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COMMUNITY ECOLOGY OF TROPICAL BIRDS

E.A. Jayson, C. Sivaperuman
  • Country of Origin:

  • Imprint:

    NIPA

  • eISBN:

    9789389907827

  • Binding:

    EBook

  • Number Of Pages:

    294

  • Language:

    English

Individual Price: 121.43 USD 109.29 USD

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Community Ecology of Tropical Birds, the tropical ecosystems is one of the most biological diverse habitats on the earth. Seventy six per cent of all centers of avian endemism occur in tropical regions and the same is true for many plant and animal communities. Birds are important component of biological diversity and their ecological, cultural, recreational and economic benefits are recognized universally. They act as vital links in many food webs and often serve as highly visible biological indicators of ecosystem health. Many bird populations are declining all over the world due to habitat loss and fragmentation, predation, pesticide use, invasive exotic species and other factors. This book is about the ecology of tropical bird community, all together 12 chapters are described and divided into two parts. The first part of this book looks at the forest bird community including status and distribution, species-abundance relationship, seasonal changes, vertical distribution and habitat utilisation. The second part provides detailed ecology of wetland bird community. This book will be an invaluable resource for field scientist, researchers, students, and naturalists in the field of Ornithology.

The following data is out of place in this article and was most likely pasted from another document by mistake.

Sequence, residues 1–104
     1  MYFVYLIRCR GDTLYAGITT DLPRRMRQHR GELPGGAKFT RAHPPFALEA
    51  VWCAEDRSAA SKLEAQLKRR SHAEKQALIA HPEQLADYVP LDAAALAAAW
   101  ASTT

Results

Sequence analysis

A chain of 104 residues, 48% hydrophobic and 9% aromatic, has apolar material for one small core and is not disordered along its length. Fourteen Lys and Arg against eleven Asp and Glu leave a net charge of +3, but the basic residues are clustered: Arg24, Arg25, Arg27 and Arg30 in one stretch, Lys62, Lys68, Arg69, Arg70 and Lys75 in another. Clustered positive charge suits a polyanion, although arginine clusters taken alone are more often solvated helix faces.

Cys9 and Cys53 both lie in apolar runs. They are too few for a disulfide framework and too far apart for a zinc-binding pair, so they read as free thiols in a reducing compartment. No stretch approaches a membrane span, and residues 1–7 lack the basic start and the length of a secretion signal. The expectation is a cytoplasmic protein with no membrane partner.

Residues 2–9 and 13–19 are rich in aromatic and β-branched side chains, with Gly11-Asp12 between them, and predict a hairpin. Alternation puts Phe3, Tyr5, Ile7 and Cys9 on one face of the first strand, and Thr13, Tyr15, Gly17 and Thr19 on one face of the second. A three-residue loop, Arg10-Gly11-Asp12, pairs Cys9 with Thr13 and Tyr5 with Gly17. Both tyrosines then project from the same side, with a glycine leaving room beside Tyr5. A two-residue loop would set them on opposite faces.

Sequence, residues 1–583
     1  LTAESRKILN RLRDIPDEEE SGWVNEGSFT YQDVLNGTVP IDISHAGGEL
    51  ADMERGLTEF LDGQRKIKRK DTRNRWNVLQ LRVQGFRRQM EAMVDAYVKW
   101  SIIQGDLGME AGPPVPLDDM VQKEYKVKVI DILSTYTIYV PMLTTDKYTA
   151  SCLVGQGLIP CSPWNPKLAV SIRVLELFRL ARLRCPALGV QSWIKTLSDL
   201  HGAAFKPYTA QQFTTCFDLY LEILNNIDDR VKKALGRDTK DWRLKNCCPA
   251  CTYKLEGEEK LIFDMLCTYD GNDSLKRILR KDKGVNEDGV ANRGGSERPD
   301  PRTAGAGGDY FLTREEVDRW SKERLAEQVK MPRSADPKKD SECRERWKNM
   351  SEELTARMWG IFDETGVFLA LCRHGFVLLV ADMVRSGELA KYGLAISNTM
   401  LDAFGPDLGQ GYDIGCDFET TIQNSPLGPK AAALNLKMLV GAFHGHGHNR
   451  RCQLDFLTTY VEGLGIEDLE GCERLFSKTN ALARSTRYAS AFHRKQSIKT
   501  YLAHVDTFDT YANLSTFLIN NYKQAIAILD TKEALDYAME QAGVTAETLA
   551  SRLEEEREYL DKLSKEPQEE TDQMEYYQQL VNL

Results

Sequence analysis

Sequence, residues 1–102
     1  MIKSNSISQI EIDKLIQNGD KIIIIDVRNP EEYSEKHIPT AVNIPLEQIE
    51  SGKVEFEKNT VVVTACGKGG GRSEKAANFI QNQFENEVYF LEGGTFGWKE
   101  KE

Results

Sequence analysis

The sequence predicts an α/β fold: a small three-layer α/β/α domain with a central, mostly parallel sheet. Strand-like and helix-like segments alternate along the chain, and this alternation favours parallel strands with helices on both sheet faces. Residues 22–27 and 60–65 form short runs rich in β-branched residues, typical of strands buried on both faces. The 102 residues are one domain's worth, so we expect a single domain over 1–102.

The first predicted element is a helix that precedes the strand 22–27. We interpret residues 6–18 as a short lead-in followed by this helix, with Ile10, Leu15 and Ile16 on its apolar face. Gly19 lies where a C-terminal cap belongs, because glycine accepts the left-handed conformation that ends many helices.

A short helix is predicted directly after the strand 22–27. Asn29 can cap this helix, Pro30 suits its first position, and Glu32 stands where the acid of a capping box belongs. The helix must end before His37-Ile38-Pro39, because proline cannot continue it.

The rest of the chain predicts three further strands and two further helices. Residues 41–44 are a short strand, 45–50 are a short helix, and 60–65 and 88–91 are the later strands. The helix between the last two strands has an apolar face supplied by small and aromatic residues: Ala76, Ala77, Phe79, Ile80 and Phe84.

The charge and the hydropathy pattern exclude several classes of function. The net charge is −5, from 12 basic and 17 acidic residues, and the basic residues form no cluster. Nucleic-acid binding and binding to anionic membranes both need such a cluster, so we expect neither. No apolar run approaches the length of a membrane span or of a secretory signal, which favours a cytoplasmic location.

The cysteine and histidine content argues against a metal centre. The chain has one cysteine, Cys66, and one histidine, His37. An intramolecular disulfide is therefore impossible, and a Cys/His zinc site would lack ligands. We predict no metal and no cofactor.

0 Start Pages